Deconstructing Local Mythologies

The Willamette Valley stretches over 200 miles north-to-south along the Willamette River in Western Oregon. Cradled by mountain ranges to the east and west, the valley branches out northwards from the mountains outside of Eugene up through Salem and then past Portland, where the Willamette River meets the Columbia River at the Washington border. The valley is renowned for its rich and fertile soil, a result of volcanic glacial deposits from the Missoula Floods at the end of the last ice age, and the area is world-famous for its lush, old-growth forests as well as its agricultural output.

A view of the Willamette valley from the top of Spencers Butte in Eugene.

A view of the Willamette Valley from the top of Spencers Butte in Eugene.

The Willamette Valley is also world-famous for its prevalence and severity of hay-fever allergies. The valley registers the highest grass pollen counts in the nation on a regular basis, and it was recently stated that Eugene in particular has the highest grass pollen counts in the world. The severity of the pollen varies seasonally as well as yearly, but its especially high throughout May and June, and on the worst days many do not even leave their house due to breathing difficulties. Visitors to the area are often surprised to find themselves violently sneezing out of nowhere, especially if they don’t normally suffer from hay-fever back home where they live. Local residents enjoy pointing out the fact that nobody is immune from the effects of the pollen. Many are often quick to share a well-known local myth in order to drive home the severity of allergy season in the Willamette Valley.

I initially heard the myth on my very first visit to the Pacific Northwest, long before I ever called the Willamette Valley home. I was sitting at a counter in a restaurant just outside of Eugene, my backpack sitting next to me. I started to sneeze profusely, and the man sitting next to me glanced over at me in my sinus-based misery. “You know, ‘Willamette’ is an Indian word meaning ‘valley of sickness’ or something close to that,” he said to me. “The allergies were so bad here that when white folks first came over the [Oregon] Trail, the Indians warned ‘em not to settle here. They thought that we were crazy for doing so.”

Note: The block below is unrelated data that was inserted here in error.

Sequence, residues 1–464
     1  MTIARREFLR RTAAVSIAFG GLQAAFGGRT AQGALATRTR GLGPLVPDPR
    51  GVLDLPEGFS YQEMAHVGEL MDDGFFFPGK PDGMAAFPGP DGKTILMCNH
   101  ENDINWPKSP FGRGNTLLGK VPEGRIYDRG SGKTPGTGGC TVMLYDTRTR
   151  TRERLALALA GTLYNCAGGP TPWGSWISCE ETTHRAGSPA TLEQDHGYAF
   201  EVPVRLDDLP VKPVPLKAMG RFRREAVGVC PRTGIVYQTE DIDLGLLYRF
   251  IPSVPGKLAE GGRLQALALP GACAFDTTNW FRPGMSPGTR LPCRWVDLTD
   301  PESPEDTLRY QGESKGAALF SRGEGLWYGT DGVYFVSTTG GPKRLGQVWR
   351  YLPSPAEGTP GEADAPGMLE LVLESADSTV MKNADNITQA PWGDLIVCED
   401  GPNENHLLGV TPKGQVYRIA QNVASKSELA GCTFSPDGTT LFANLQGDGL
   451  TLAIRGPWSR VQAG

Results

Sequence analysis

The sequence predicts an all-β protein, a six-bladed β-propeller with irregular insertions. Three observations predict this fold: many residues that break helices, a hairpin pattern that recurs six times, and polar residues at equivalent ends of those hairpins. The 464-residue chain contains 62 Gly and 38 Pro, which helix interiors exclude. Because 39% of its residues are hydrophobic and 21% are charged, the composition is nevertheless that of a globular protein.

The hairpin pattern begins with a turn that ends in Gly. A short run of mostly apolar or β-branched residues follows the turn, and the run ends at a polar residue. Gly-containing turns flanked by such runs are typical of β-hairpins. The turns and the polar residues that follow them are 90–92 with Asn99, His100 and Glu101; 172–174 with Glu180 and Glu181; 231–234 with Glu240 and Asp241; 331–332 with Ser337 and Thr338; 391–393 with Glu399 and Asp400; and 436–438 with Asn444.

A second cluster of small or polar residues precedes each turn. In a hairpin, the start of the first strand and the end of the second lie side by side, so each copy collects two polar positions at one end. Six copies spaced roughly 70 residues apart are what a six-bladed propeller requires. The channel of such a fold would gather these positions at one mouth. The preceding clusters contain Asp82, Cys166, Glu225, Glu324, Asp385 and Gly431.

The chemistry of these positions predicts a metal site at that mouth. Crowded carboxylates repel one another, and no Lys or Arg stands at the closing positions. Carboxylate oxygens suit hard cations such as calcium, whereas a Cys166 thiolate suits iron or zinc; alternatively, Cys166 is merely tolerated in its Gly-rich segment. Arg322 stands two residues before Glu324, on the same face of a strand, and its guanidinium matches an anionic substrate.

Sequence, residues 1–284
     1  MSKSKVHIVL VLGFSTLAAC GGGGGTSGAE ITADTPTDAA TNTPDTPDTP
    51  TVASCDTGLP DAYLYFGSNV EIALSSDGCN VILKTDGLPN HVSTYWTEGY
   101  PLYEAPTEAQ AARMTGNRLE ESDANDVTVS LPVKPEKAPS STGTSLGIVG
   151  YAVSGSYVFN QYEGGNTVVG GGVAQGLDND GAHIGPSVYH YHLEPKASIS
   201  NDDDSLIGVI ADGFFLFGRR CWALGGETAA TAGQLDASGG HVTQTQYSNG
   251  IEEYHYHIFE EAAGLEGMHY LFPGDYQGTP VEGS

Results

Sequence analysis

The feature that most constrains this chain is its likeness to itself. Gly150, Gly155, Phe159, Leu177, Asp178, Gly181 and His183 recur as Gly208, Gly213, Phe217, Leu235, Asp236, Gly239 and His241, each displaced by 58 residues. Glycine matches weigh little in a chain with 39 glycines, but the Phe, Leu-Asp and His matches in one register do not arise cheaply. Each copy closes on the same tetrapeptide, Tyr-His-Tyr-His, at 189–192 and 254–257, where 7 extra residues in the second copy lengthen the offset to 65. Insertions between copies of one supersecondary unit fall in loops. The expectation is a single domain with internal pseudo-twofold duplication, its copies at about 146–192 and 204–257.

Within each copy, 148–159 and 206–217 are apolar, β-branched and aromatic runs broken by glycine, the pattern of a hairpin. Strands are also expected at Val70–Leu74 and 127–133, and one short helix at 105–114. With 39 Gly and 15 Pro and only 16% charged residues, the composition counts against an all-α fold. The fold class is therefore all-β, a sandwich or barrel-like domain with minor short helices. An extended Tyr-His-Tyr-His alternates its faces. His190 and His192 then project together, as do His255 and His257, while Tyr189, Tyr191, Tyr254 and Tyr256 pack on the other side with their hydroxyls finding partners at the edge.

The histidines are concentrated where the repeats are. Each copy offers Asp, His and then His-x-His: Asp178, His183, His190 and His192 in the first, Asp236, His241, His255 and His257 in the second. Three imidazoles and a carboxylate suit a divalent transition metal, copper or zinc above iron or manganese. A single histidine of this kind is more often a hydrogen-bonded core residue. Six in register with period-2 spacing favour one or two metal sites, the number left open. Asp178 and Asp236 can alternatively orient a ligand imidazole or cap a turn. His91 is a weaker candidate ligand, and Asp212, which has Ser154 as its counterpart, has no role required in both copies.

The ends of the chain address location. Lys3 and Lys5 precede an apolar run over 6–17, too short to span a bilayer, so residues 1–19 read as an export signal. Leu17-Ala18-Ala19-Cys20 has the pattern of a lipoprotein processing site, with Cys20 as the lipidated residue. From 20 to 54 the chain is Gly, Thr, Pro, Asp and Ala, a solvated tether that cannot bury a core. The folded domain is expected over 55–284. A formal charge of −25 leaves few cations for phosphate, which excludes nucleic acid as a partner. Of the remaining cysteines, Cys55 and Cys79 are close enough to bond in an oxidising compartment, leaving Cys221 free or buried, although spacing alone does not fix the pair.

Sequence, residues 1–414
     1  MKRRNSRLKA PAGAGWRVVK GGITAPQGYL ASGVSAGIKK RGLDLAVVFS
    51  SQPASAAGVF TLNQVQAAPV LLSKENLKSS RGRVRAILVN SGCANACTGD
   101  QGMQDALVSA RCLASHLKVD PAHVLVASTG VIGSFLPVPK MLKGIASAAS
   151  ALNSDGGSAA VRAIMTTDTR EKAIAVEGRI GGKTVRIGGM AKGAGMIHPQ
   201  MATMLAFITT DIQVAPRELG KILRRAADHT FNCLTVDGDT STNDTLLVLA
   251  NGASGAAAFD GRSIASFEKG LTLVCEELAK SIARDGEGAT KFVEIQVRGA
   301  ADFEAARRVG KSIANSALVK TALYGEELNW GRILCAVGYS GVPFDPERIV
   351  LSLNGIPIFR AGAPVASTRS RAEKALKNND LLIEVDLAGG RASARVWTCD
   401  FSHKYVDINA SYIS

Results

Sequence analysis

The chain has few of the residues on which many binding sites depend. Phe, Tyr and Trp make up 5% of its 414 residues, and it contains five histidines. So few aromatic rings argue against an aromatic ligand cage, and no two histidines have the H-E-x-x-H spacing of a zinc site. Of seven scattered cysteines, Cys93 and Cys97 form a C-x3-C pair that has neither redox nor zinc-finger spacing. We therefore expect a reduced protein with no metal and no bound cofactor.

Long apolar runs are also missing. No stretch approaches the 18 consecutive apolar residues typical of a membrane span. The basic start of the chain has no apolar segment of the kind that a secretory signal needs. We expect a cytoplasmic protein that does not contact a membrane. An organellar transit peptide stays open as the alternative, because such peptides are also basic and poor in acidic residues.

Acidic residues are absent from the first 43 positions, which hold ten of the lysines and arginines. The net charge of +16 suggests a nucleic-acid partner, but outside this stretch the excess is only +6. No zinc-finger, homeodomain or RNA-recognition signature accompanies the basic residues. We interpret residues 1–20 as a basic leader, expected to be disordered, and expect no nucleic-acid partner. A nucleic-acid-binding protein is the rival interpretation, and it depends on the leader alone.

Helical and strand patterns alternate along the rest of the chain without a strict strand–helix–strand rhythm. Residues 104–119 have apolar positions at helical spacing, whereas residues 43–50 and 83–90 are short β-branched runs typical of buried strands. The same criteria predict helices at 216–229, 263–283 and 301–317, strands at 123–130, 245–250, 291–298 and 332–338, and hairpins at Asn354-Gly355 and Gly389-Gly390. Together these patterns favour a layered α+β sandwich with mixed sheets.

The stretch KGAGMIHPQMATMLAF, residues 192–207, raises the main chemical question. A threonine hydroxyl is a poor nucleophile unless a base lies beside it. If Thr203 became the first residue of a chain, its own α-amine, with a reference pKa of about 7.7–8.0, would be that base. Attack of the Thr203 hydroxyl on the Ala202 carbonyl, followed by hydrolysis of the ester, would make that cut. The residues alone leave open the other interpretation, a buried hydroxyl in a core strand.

Wpdms_shdrlfi020l_willamette_valleyThe story immediately sounded suspect to me. At the time, I knew nothing of the history of the Willamette Valley, but I did know that far too often, “history” that references Native people is anything but truthful or accurate. As a product of American public schools, I was taught for years on end that Columbus “discovered” America and that the Pilgrims and Indians gathered for a happy Thanksgiving feast. Growing up in the NYC area, I was taught as accepted “fact” that Peter Minuit “purchased” Manhattan from a local tribe for $24. Stories such as these are accepted as “history” to many, and yet they are well-known to be heavily sanitized and mythologized in order to de-emphasize the oppression and colonialism that are central to their true history. I had a hunch at that moment in the restaurant that the “valley of sickness” tale I had just been told was nothing more than sanitized mythology in the same vein as Columbus or Minuit, and yet it was obvious by his telling of the tale that the man next to me believed it as factual truth and fully expected me to believe it as well.

A few years later, after I moved to Eugene, I immediately started to hear variations of the “valley of sickness” tale on a regular basis, told by people from all walks of life. There were many slight variations of the myth, as might be expected with any folklore. Often I heard it told as the valley of “death” as opposed to “sickness”. Once in a while, someone would say that “the Indians nicknamed this the valley of sickness”, as opposed to claiming that the word “Willamette” itself literally translates as such. In some versions, the Indians left and/or didn’t want to live here because of the pollen, and other times they just warned white settlers not to settle here. The basic story is always the same, however. And as opposed to commonly-held beliefs around Columbus, I never heard anyone refute nor even question the “valley of sickness” tale.

After hearing several versions of the tale within the first few months of my living here, it occurred to me more and more that not only was this tale most likely false, but that I was quite disconnected from the history of this valley that I chose as home. Prior to moving to Oregon, I had lived my entire life within a 100-mile radius of New York City, and I was quite well-versed in the history of the New York area, from the landing of the Mayflower through the present. That knowledge, especially as it relates to the land itself, became central to my spiritual exploration and practice when I lived on the East Coast. Researching and examining the history of place in relation to the activities, energies and present tendencies within that place was a source of constant fascination for me, and became essential to my practice in terms of navigating a dense urban landscape from an energetic perspective. Here in Oregon, however, while I had a decent understanding of the local culture, I knew nothing of the actual history of either Eugene in itself or the Willamette Valley as a whole. I felt a need to connect to both the timeline-based history of this valley as well as to the land itself, and I decided to start educating myself in local history using the “valley of sickness” tale as a starting point.

“I knew nothing of the actual history of either Eugene in itself or the Willamette Valley as a whole. I felt a need to connect to both the timeline-based history of this valley as well as to the land itself.”

I broke down the tale in order to identify the basic alleged facts within the story. If any or all parts of the tale have any truth to them, then any or all of the individual facts within the story need to carry some truth:

  • That high pollen counts were an issue in the 1850s.
  • That the native people who inhabited the land prior to white settlement were adversely affected by the pollen.
  • That “willamette” is a native word that translates to “valley of sickness.”